Lower unemployment using deflation and the backward bending supply curve of labor

Jun. 01, 2010 8:33 PM ET
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Regarding a fractional reserve banking system, the Rothschild brothers once said "The few who understand the system, will either be so interested from it's profits or so dependant on it's favors, that there will be no opposition from that class." I tutor graduate level economics, have read the original works of Smith, Marx, and Keynes for fun, and probably understand more about economics than is healthy for any person to. But most of what I have learned has not been from a textbook or a classroom, but from trying to eek out a living as a small business owner, starting from scratch, in a heavily anti-competitive, almost mercantilist industry that is overtly hostile to the new or little guy. The following are my 10 principles of economics: The Path to Prosperity Many of the policy decisions that impact our lives are made based on mistruths about and misunderstanding of what it takes to create prosperity. I’ve compiled a list of the truth antidotes to some of the most notorious of these. Some of my principles can be found in textbooks. Some cannot. Some directly conflict with what is in most textbooks. Nevertheless they are all based on sound theory, on historical evidence, on common sense, and on independent critical thinking to answer the key question: “How do we create the most prosperity for the most people?” 1. Falling prices are natural; falling prices are good. Fighting this steals from the working class and gives to the investor class. 2. Your contribution to society is what you produce, not what you consume. Paris Hilton is not the model citizen for creating prosperity. 3. Paying a man not to work does not create wealth; it only transfers it. 4. Business regulations help big business and big government at the expense of small business, consumers, and workers. 5. A tax cut on another man helps you when compared to no tax cuts for anyone. But when compared to a tax cut for yourself, the choice is clear which is better for you. 6. Tomorrow’s prosperity comes from today’s savings, regardless of who is doing the saving. 7. Central planner policies that help sellers and producers do so by hurting buyers and consumers. 8. Public money should not be spent on private consumption. 9. To privatize profits but socialize losses is to steal. 10. There is no shortage of jobs. There is only a shortage of money to pay for those jobs. To cure this shortage we need to stop wasting money on jobs that do little to no good for us, and we need to allow more people to do what the bottom-up power of the free markets want as opposed to what the top-down power decree of government wants. For every young man fighting an unnecessary war, there is one less man who can teach 3rd grade and coach little league. For every MVA worker, there is one less worker available to pickup trash or plug potholes. For every genius who goes into accounting to demystify our tax code, there is one less genius to go to engineering school. We will never hit our goals if we keep aiming at the wrong targets.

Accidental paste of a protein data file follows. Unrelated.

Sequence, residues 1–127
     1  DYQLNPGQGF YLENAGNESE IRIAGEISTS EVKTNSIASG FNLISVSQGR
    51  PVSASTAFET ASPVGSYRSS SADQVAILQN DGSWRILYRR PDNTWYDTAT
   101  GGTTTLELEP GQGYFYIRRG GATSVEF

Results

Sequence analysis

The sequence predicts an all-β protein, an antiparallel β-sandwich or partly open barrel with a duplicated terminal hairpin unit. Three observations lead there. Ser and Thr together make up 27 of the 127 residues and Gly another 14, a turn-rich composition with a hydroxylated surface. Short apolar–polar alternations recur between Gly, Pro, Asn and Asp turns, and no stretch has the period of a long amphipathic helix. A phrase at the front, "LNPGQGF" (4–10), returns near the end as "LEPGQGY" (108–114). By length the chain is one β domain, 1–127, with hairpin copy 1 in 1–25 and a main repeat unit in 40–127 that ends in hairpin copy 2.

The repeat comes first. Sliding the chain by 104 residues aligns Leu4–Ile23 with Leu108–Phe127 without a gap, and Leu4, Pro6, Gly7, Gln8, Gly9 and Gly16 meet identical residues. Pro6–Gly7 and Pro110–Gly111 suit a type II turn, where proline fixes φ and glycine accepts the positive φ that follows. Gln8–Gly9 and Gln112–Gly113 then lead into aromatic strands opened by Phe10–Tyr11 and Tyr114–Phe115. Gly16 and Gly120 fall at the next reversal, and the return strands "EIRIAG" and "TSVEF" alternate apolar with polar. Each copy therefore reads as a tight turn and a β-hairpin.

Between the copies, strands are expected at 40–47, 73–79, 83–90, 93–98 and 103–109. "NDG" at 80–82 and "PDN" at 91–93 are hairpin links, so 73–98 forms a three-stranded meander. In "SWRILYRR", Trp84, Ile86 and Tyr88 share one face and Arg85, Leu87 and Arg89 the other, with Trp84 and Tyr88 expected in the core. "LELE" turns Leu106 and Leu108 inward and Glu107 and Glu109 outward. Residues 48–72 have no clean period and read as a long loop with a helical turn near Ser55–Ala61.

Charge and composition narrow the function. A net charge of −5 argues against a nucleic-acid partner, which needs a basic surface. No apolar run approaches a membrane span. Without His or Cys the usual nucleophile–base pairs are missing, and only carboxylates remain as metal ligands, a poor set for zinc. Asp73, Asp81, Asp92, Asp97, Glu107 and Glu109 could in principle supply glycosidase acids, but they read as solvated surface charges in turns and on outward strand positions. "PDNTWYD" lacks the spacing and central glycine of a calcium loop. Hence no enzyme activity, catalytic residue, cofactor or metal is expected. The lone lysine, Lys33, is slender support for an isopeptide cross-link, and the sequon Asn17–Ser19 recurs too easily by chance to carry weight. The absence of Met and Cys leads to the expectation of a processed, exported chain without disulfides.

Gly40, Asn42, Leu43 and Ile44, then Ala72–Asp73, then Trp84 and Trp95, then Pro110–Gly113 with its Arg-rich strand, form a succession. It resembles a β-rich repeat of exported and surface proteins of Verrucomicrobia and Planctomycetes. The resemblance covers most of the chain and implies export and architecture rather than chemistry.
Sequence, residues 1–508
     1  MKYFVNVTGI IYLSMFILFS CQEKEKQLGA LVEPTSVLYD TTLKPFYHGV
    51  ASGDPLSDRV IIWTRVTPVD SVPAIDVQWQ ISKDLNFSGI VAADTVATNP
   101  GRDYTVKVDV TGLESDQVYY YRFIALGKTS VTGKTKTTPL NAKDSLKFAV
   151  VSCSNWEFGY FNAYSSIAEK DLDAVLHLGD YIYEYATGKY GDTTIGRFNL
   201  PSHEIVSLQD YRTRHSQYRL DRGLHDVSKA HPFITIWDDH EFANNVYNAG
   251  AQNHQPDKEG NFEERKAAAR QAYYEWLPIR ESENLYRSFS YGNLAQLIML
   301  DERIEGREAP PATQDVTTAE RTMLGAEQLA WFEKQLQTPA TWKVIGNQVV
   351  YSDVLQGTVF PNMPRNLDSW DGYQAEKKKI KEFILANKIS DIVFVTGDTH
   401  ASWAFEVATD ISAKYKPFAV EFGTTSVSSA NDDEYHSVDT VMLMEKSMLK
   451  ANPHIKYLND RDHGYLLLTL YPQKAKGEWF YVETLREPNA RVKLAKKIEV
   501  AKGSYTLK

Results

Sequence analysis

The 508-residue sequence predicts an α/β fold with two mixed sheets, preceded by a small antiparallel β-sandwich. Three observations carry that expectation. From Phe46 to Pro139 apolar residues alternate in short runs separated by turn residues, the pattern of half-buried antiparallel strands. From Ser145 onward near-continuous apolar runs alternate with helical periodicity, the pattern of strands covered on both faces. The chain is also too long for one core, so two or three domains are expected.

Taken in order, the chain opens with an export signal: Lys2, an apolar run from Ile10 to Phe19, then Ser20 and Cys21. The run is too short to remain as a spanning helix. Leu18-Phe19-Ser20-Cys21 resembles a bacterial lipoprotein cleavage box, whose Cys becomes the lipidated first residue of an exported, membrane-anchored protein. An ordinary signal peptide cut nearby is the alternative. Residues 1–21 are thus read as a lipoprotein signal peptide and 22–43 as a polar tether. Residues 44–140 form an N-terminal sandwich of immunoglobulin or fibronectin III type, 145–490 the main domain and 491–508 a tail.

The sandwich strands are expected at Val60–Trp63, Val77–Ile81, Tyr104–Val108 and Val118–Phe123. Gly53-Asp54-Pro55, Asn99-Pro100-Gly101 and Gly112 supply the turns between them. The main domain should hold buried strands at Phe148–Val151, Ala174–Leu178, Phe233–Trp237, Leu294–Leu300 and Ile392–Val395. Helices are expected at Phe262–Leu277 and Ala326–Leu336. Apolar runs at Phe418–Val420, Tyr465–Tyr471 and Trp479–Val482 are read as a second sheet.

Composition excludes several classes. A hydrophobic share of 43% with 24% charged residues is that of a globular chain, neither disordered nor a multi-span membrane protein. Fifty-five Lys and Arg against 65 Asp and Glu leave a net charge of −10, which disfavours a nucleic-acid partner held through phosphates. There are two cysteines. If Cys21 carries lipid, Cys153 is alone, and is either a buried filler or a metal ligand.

Sequentially, deflation would raise real wages, which would shorten the average work week, which would spur new hiring.  Contrary to the deflation=depression mantra of mainstream economics, evidence suggests that deflation and prosperity can co-exist, and in fact deflation raises real wages (I wrote about it here:  https://seekingalpha.com/article/207254-what-s-the-cost-of-an-inflation-free-bank-bailout).  The backward bending supply curve of labor argues that as wages increase past a certain point, people work fewer hours.  It has also been estimated that for every 6 minutes the average work week is shortened, 315,000 new employees must be hired to replace the lost output (http://m.cnbc.com/us_news/37552106/1). 

The backward bending supply curve of labor explains the concept that for most people there is a point at which additional leisure time brings more pleasure than an additional car, or house.  It states that as wages increase workers will initially work more hours due to the substitution effect making labor more valuable relative to hours not worked.  But past a certain point the income effect dominates as workers can achieve their desired level of consumption/living standard making leisure time more valuable.  

 
Essentially it says that money can't buy you happiness past a certain point, but up until that point it does.  A study showed for most people that point is about $100,000/year.  http://www.princeton.edu/main/news/archive/S15/15/09S18/index.xml?section=topstories  "Money does make a difference when it moves you from abject poverty into the middle class, but it stops making a large difference at about that point. In terms of happiness, the difference between making $5,000 a year and $50,000 a year is dramatic, but the difference between making $100,000 and $100 million is negligible, almost nonexistent."-Nobel Prize-winning psychologist Daniel Kahneman

As wages increase to the backwards bending portion of the curve, hours worked decline.  In order for the economy and employers to maintain the same level of output unemployed workers must become employed workers.  Think France's 35 hr work week, or Germany's 4 day work week, only instead of coming from a government decree, it arises from free market forces currently being crushed by central planning (banking).  While working less, earning more, and lowering unemployment may sound too good to be true, we must remember that the primary affect of inflation or deflation is not on national output but on national income distribution.

The idea of a shorter work week to reduce unemployment is not new.  The idea that those shorter weeks could be achieved through free market banking is.


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